The biggest bioethics story this month was, of course, the “death spiral” of the repeal and replacement of the Affordable Care Act (ACA), known as “Obamacare”.

The proposed replacement law, unveiled as the American Health Care Act (AHCA), was a “Kill Bill” in every way. Under the new law, it was estimated that 24 million Americans who currently have health insurance and access to healthcare, would have lost their coverage. As proposed, the AHCA would have removed the current requirement under the ACA of that mandated coverage for “essential health benefits” comprising 10 services: outpatient care, emergency room visits, hospitalization, maternity and newborn care, mental health and addiction treatment, prescription drugs, rehabilitative services, lab services, preventive care and pediatric services. Republicans argued that such coverage leads to higher insurance premiums.  (See:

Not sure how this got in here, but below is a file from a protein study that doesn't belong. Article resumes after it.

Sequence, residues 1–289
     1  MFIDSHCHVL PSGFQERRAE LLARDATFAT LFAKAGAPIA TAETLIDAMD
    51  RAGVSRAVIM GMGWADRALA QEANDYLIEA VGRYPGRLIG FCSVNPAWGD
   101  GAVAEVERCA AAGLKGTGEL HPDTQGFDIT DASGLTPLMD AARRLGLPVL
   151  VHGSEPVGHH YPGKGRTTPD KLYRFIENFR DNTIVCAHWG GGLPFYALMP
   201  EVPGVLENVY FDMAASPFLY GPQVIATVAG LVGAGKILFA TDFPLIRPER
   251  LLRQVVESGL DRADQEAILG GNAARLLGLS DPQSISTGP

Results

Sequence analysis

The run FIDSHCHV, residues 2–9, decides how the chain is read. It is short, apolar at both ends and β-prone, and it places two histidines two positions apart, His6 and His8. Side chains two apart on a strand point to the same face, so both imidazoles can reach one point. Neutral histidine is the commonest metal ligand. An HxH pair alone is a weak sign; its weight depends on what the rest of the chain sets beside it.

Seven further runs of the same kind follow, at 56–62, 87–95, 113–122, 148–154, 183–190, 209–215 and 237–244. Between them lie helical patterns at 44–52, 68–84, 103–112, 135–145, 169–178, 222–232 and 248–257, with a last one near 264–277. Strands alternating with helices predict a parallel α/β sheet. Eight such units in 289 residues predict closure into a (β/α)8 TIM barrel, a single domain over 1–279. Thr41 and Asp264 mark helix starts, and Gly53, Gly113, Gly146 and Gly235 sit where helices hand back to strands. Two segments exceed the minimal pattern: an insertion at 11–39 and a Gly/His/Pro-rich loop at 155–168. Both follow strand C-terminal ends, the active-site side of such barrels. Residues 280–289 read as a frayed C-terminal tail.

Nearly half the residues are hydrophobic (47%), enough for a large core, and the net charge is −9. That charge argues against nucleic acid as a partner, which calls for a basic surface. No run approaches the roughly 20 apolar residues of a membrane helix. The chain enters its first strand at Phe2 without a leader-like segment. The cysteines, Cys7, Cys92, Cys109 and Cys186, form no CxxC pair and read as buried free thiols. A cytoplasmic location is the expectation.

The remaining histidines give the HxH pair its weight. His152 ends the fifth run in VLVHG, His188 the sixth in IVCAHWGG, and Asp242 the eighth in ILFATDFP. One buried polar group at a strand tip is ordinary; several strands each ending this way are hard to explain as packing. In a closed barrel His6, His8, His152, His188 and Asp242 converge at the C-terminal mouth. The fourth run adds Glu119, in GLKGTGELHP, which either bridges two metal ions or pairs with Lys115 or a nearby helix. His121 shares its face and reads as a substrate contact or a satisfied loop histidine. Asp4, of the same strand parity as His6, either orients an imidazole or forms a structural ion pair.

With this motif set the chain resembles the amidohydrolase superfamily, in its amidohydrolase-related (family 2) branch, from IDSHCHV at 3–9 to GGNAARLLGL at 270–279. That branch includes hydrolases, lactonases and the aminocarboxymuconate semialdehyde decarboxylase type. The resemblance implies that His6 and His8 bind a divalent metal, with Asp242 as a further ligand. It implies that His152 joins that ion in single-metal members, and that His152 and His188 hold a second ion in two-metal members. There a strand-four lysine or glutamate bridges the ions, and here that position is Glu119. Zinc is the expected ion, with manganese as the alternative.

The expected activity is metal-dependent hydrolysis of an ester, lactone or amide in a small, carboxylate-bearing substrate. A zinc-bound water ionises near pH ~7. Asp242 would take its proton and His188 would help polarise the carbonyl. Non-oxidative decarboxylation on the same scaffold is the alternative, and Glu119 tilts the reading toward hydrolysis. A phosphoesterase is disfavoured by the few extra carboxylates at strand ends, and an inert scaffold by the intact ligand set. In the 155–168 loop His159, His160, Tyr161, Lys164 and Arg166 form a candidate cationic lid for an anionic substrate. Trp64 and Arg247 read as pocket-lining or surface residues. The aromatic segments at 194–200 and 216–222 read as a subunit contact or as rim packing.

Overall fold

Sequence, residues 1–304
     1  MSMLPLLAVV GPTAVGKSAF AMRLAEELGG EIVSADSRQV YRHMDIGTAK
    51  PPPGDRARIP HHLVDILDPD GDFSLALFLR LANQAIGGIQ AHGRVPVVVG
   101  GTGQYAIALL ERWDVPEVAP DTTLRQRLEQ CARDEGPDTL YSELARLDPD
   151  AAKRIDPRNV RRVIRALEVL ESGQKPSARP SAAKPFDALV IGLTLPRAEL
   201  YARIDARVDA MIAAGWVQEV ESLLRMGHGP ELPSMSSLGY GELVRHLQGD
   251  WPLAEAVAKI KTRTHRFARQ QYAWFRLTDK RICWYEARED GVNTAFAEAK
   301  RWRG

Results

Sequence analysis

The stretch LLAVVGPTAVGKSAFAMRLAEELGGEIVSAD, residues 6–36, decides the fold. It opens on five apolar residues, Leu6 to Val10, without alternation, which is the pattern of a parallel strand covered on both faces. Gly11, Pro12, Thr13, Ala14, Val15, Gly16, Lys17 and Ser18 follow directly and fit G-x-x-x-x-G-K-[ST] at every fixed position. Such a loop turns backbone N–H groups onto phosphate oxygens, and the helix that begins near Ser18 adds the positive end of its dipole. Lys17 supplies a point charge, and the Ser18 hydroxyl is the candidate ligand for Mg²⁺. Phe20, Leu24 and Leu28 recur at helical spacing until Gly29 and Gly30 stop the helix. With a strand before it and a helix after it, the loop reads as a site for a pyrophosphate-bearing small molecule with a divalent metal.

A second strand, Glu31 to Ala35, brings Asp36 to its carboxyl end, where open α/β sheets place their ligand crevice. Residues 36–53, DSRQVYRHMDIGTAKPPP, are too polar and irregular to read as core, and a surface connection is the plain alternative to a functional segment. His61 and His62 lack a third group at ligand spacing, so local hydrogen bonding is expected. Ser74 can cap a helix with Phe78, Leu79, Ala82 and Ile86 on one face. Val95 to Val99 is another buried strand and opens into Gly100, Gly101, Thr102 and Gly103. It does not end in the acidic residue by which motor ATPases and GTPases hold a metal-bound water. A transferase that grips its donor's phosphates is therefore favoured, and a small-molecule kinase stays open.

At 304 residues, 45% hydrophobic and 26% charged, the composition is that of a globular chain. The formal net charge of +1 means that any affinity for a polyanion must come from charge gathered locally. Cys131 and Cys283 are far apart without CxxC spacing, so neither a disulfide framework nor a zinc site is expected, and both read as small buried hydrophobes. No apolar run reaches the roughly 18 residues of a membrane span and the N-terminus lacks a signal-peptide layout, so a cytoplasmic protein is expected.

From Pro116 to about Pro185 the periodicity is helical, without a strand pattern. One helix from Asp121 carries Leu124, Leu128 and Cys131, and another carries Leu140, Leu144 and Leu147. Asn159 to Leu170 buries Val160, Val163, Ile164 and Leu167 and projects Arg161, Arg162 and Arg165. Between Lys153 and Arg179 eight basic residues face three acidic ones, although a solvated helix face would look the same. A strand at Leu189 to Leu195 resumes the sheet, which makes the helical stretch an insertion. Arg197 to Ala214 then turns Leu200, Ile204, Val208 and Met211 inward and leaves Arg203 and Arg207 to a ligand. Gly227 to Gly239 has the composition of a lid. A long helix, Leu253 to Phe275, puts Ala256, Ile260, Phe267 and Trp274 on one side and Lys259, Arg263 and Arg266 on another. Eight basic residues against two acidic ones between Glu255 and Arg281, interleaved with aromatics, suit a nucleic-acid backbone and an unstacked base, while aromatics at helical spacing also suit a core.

Basically, the AHCA, which was being dubbed “Trumpcare” would have removed the requirement to cover what most would define as “healthcare”. Some columnists referred to the proposed bill as “cruel” (See: Ultimately, once coverage of pre-existing conditions is removed, people die. (See:

But there were many other problems with the bill that would have removed healthcare access, which included restructuring Medicaid, tax cuts, and eliminating the lubricant that allows the ACA to work in the first place: the individual mandate. (See:

Ultimately, between thousands of protesters voicing opposition to the replacement bill and polling that demonstrated only 17% of Americans were in favor of the proposed replacement bill, the GOP killed the bill, preserving (for now) the ACA. Here are two postmortems from the New York Times:

But the ACA is not “saved”; it remains at risk of being underfunded or sabotaged (See: and )

As we ended the month, there were rumblings that there may be another attempt at crafting a Republican healthcare bill, which could be “Kill Bill Volume 2.” (And that may make some heads spin).